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Publication numberUS7740578 B2
Publication typeGrant
Application numberUS 11/358,555
Publication dateJun 22, 2010
Filing dateFeb 21, 2006
Priority dateFeb 21, 2006
Fee statusPaid
Also published asUS20070197863
Publication number11358555, 358555, US 7740578 B2, US 7740578B2, US-B2-7740578, US7740578 B2, US7740578B2
InventorsPaul K. Little
Original AssigneeLittle Paul K
Export CitationBiBTeX, EndNote, RefMan
External Links: USPTO, USPTO Assignment, Espacenet
Direct reading endoscopic measuring instrument and method
US 7740578 B2
Abstract
The invention relates to a direct reading endoscopic measuring instrument and, more specifically, to a manually operated measuring instrument that is placed in close proximity to an internal anatomical feature and a related method for operation of the measuring instrument. The direct reading endoscopic measuring instrument includes a distal reticule that is passed through an endoscope in a folded position. When extended past the distal end of the endoscope proximate to an anatomical structure to be measured, a remote actuator unfolds the reticule along an axis perpendicular to the endoscope. Graduations on the reticule can be observed to directly measure the size of the anatomical structure.
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Claims(14)
1. A direct reading endoscopic measuring instrument in an endoscopic system, the endoscopic system operable to view an internal anatomical structure, the system including an endoscope with a plurality of lumen and a distal end inserted into an anatomical structure, an endoscopic camera, the camera operable to view the interior of the anatomical structure, the direct reading endoscopic measuring instrument comprising:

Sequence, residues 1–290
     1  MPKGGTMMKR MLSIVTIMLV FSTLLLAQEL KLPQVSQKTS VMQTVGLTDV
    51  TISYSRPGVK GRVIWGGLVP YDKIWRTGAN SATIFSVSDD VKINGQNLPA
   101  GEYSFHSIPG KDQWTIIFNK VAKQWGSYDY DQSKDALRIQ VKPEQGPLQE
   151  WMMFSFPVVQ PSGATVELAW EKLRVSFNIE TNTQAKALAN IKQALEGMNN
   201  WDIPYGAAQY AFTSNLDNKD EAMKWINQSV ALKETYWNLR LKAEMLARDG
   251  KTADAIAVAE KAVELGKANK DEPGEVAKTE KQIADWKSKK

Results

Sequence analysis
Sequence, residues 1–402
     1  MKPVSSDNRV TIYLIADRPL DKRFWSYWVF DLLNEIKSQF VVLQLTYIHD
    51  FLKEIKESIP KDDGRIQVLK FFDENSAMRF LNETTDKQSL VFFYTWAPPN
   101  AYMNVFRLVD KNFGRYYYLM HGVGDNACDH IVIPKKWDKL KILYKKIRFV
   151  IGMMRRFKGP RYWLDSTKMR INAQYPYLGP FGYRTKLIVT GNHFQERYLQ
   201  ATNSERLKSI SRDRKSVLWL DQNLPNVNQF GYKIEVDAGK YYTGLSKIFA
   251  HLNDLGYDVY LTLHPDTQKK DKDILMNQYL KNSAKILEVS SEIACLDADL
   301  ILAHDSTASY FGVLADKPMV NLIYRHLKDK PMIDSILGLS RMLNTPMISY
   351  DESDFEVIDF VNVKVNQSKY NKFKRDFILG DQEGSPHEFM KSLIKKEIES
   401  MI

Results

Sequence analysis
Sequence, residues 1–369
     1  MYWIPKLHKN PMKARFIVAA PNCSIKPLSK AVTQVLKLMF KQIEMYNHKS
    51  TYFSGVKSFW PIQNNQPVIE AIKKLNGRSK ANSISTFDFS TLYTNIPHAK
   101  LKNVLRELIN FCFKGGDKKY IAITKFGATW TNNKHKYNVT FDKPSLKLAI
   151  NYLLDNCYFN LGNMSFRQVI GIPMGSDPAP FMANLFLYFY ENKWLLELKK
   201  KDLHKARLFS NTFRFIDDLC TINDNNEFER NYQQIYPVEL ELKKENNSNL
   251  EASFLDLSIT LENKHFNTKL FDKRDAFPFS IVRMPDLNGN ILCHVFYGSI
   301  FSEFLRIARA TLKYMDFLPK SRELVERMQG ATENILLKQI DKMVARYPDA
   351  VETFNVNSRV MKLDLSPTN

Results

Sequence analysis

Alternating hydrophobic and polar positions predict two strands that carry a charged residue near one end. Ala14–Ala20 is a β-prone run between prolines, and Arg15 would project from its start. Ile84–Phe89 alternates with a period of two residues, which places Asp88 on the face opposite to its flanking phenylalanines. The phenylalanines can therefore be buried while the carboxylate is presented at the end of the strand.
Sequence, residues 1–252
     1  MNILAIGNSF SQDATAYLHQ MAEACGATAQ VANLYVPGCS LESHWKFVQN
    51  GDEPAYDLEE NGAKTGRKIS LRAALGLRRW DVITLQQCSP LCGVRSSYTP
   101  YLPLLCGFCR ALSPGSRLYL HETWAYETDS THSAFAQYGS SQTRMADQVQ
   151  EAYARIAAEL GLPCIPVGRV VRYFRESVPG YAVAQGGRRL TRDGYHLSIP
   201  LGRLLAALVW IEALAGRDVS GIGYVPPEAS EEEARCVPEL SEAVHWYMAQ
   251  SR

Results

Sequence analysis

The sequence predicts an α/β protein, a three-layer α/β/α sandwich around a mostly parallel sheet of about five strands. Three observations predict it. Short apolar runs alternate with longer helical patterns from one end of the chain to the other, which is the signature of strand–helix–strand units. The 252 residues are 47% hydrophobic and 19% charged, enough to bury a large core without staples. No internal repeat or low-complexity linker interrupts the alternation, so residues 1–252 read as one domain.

an actuator;
an actuator wire;
a selectively foldable distal reticule, the actuator wire connecting the actuator to the distal reticule, the actuator operable to selectively fold and unfold the distal reticule via the actuator wire, the reticule further comprising four body segments including an upper ruler, a lower ruler, an upper backing and a lower backing, the upper backing being parallel with the upper ruler and the lower backing being parallel with the lower ruler when the reticule is in a folded state, the upper backing being parallel with the lower backing and the upper ruler being parallel with the lower ruler when the reticule is in an unfolded state wherein each of the four body segments has a semicircular cross section;
the distal reticule being movable through an endoscopic lumen in the folded state, the reticule being substantially aligned with the axis of the endoscope when in the folded state; and
the distal reticule moveable to a position beyond the distal end of the endoscope, the distal reticule manually operable to unfold along an axis perpendicular to the axis of an endoscope when the reticule is in the unfolded state.
2. The instrument of claim 1, wherein evenly spaced graduations on the upper and lower rulers provide a means for the direct measurement of an internal anatomical structure.
3. The instrument of claim 2, wherein the graduations are visible by the endoscopic camera when the reticule is in the folded state in order to measure the depth of an anatomical structure relative to the endoscope.
4. The instrument of claim 2, wherein the graduations are visible by the endoscopic camera when the reticule is in the unfolded state in order to measure the length of an anatomical structure.